These hot dogs are great. And here’s the crazy thing: they look like hot dogs (I used hog casings, so they were a little big), they smell like good garlicky-smokey hot dogs, and they taste like hot dogs; they’re beefy, and juicy, and yes, they have great snap thanks to the natural casing (the smoking before grilling helps with this as well, I think). They’re kind of a pain in the neck to make, but they’re worth it. They’re a once-a-year, 4th of July kind of treat. And isn’t that the American thing to do, make hot dogs for the 4th of July? I’ve mentioned before that people are surprised (and generally happy) when you show up bearing sausage that you’ve made. They dig it. But for some reason, this one — the humble hot dog — has even more panache. I think it’s because the American Hot Dog has been transformed, really, into such a processed product that it’s totally distanced itself from the home kitchen, to a point where — as Michael Pollan might argue — it’s not even real food anymore. It would be like if someone made a Twinkie from scratch. (You can make those?!!)
Happily, these are real food, and you can make them. This batch was made with about 3 lbs of beef chuck, plus garlic, coriander, paprika, dry mustard, dextrose, corn syrup, kosher salt, pink salt, pepper (I used black, although the recipe called for white), and crushed ice. I followed the recipe from Charcuterie pretty true to form, although I didn’t use any pork fat or suet. I have the edition of the book that calls for lean beef + suet, not the boneless short ribs (what I used last year), or lean beef + pork backfat (which I can’t seem to find anywhere). See Ruhlman’s note on eGullet regarding the different recipes. I’ve also read that brisket would make a mean hot dog, and I don’t doubt it. That might be the plan for next year.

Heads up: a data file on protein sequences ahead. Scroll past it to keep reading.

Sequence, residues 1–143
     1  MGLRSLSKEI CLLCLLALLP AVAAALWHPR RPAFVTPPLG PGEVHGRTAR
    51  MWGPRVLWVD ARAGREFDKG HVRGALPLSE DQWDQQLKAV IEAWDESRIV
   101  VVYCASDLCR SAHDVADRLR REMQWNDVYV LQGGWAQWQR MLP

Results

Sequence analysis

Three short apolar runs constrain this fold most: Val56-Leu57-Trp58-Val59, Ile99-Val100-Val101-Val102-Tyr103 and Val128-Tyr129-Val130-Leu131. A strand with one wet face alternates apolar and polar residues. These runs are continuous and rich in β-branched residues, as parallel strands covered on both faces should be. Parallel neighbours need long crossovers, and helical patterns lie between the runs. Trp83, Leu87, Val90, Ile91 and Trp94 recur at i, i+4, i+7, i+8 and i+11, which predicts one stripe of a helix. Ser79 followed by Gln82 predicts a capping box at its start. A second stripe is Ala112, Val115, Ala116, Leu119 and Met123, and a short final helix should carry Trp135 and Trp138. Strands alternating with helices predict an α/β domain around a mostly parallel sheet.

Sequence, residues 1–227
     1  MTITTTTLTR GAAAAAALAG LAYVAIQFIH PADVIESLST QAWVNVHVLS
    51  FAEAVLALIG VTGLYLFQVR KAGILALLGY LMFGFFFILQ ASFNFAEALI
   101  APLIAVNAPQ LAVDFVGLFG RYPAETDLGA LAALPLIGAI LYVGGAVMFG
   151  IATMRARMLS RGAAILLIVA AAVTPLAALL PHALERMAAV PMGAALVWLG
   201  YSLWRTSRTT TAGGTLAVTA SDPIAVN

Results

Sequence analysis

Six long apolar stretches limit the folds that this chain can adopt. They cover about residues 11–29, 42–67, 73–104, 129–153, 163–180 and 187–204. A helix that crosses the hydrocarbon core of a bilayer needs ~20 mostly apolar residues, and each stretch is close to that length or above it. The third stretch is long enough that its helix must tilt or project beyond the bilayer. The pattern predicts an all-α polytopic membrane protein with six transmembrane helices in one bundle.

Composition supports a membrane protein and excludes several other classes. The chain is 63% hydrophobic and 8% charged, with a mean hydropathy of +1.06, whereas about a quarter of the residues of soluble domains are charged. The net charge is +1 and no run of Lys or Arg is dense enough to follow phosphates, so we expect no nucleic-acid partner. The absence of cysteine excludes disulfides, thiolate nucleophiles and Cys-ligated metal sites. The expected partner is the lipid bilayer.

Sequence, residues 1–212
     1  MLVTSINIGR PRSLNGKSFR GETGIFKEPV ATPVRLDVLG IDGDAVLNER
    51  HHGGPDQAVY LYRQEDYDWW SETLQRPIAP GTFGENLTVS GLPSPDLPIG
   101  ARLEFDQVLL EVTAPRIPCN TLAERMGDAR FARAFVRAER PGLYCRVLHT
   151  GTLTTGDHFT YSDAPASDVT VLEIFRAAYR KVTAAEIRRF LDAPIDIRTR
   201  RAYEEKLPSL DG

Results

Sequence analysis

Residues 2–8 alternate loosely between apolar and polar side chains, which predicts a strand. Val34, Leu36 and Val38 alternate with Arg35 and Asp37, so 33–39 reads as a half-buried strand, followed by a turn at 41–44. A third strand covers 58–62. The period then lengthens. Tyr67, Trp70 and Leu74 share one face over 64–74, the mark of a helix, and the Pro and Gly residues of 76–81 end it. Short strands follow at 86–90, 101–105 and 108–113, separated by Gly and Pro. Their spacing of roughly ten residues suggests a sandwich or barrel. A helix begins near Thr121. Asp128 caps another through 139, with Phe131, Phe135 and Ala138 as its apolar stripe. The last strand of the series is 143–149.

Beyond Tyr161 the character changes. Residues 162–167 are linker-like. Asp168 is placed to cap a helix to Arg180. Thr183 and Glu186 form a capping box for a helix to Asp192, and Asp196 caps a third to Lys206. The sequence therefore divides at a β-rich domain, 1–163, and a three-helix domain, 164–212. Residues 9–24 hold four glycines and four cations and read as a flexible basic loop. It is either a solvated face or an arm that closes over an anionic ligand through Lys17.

And finally, what better way to spend the 4th than with good food and friends? We were pretty happy with our spread and the company!
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An added bonus of making this particular batch was that I had some leftover forcemeat that didn’t end up in the casing. So I wrapped it in plastic (about the shape of a liverwurst or a package of frozen Jimmy Dean breakfast sausage), tied the ends tight, and poached it in 160 degree water for almost an hour, until the temp came up to 150. A quick plunge in an ice batch, and I had uncased bologna. Is this bologna? I’m not sure. But it was also good. And the kids liked it, which is even better.
For further reading:
Mrs. Wheelbarrow’s Bratwurst-Weisswurst-Hot Dog-Mortadella post. A nice overview of the whole process, including important information on casing your forcemeat in a beef bung, if you want to make real bologna or mortadella! June 1011
“Going to the Dogs” (Ruhlman, Ruggiero) - Background on Ruhlman’s favorite Vienna Beef dogs, and on the resurgence of gourmet hot dog culture in general. Gourmet 2006
The Paupered Chef’s great Homemade Hot Dog post – which predates Charcutepalooza by quite some time. This post gives you a sense of how ahead of the curve these guys are, and how messy parts of the process can be without a vertical sausage stuffer. October 2008